Salary sacrificing is a smart way for your employees to grow their super and reduce their assessable income tax since the contributions are made before-tax. You can assist them by agreeing to make the additional super payments into their nominated super fund.
For a salary sacrifice arrangement to reduce an employee’s assessable income it must meet the following Australian Tax Office (ATO) requirements for an ‘effective’ salary sacrifice arrangement.
You should seek professional tax advice about the business implications of offering salary sacrifice arrangements for your employees.
Super contributions made under a salary sacrifice agreement need to be reported on the employee’s PAYG payment summary as ‘reportable employer superannuation contributions’. To determine how much of the super contributions you make for your employees are reportable in this way, refer to the ‘Employer guide for reportable employer super contributions’ on the ATO website.
Employers can generally claim all super contributions, including salary sacrifice contributions for current employees as a deduction for tax purposes.
Salary sacrifice contributions are deducted from an employee’s before-tax salary. The contributions are taxed at 15%, so for an employee with a marginal personal income tax rate higher than 15%, salary sacrificing to super can be a tax effective way for them to grow their super.
Employees wishing to enter into a salary sacrifice arrangement should be aware that super is a long term investment and generally cannot be accessed until they permanently finish work or reach preservation age (between ages 55 and 60, depending on date of birth).
Employees should also take care not to exceed their contributions caps as this may result in additional tax and charges applying. For details about the contributions caps visit the ATO website.
Employees should be aware that super contributions and their earnings are preserved, meaning they generally cannot be accessed until their retirement after reaching preservation age. Preservation age is 55 - 60 years, depending on when you were born.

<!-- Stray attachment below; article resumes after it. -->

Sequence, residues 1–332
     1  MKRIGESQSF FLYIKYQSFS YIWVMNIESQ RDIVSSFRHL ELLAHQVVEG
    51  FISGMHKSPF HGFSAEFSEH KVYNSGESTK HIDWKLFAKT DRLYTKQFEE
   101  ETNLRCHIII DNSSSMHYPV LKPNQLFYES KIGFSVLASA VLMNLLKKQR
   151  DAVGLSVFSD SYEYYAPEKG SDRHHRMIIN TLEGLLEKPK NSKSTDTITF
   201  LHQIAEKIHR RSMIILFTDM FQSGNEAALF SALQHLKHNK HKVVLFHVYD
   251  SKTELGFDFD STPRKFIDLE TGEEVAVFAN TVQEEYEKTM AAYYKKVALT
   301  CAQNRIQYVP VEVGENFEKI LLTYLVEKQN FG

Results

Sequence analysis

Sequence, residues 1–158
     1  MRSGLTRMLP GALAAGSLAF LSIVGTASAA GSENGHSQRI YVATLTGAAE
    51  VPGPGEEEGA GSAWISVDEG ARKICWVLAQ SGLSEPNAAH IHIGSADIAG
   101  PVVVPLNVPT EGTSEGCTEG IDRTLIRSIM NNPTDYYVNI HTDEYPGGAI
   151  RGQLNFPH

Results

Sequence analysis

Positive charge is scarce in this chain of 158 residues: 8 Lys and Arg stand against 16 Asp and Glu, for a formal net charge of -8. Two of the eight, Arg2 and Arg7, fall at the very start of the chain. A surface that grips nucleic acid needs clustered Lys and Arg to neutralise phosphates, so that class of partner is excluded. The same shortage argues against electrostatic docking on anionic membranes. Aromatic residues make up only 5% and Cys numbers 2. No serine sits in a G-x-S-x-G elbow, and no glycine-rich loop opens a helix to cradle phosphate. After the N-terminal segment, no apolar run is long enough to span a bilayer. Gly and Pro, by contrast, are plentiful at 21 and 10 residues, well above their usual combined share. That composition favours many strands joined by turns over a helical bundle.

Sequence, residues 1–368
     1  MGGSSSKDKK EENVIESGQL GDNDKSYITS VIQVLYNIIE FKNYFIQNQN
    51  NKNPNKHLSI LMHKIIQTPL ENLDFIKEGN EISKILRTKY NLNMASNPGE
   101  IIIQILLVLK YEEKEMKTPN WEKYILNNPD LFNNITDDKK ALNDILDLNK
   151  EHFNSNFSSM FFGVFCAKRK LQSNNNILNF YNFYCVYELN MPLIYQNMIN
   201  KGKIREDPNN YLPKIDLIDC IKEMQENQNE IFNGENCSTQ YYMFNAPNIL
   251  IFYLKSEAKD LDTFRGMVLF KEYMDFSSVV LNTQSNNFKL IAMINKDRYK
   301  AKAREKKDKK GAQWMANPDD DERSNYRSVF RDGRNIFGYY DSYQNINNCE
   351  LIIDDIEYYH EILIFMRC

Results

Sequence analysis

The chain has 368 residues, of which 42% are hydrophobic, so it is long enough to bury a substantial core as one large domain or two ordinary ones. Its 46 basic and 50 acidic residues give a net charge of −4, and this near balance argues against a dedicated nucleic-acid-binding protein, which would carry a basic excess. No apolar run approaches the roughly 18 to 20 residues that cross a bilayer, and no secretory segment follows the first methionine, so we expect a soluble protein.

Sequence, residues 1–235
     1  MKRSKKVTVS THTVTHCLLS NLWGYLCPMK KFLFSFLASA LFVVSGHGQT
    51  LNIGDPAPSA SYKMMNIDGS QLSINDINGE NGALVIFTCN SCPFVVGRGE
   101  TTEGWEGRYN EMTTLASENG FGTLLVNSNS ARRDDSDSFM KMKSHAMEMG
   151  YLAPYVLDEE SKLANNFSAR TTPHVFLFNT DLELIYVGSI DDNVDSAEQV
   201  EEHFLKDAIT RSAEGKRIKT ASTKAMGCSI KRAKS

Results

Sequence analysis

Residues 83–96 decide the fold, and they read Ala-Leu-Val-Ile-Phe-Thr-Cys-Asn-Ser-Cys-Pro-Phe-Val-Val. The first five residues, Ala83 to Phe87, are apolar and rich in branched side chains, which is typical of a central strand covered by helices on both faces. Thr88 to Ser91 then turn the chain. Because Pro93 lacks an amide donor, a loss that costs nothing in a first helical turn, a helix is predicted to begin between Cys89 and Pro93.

Fund details for BT Super
Fund - Retirement Wrap USI BTA0287AU RSE R1001327 ABN 39 827 542 991. Trustee - BT Funds Management Limited ABN 63 002 916 458 AFSL No. 233724 RSE No. L0001090.
BTFM is the trustee and the issuer of interests in BT Super, which is part of Retirement Wrap. A Product Disclosure Statement (PDS) is available for BT Super and can be obtained by calling 1300 553 010 or visiting www.bt.com.au. You should obtain and consider the PDS before deciding whether to acquire, continue to hold or dispose of interests in BT Super.
BTFM is a subsidiary of Westpac Banking Corporation ABN 33 007 457 141 AFSL and Australian credit licence 233714 (Westpac). Unless otherwise disclosed in the offer document for the relevant financial product an investment in BT Super is not an investment in, deposit with or any other liability of Westpac or any other company in the Westpac Group. It is subject to investment risk, including possible delays in repayment and loss of income and principal invested. Westpac and its related entities do not stand behind or otherwise guarantee the capital value or investment performance of the specific investments you select or the account generally.
BT has not reviewed any awards or other industrial instruments or agreements that are, or may become relevant to your employees. BT Super may not satisfy your obligations under any such award or industrial instrument or agreement. Before making a decision about BT Super, we recommend that you seek legal advice on its appropriateness, having regard to the requirements of any awards or other industrial instruments or agreements that are, or may become applicable.
The information provided is factual only and does not constitute financial product advice. Before acting on it, you should seek independent financial and tax advice about its appropriateness to your objectives, financial situation and needs. The information is current as at February 2020 and provides an overview or summary only and it should not be considered a comprehensive statement on any matter or relied upon as such.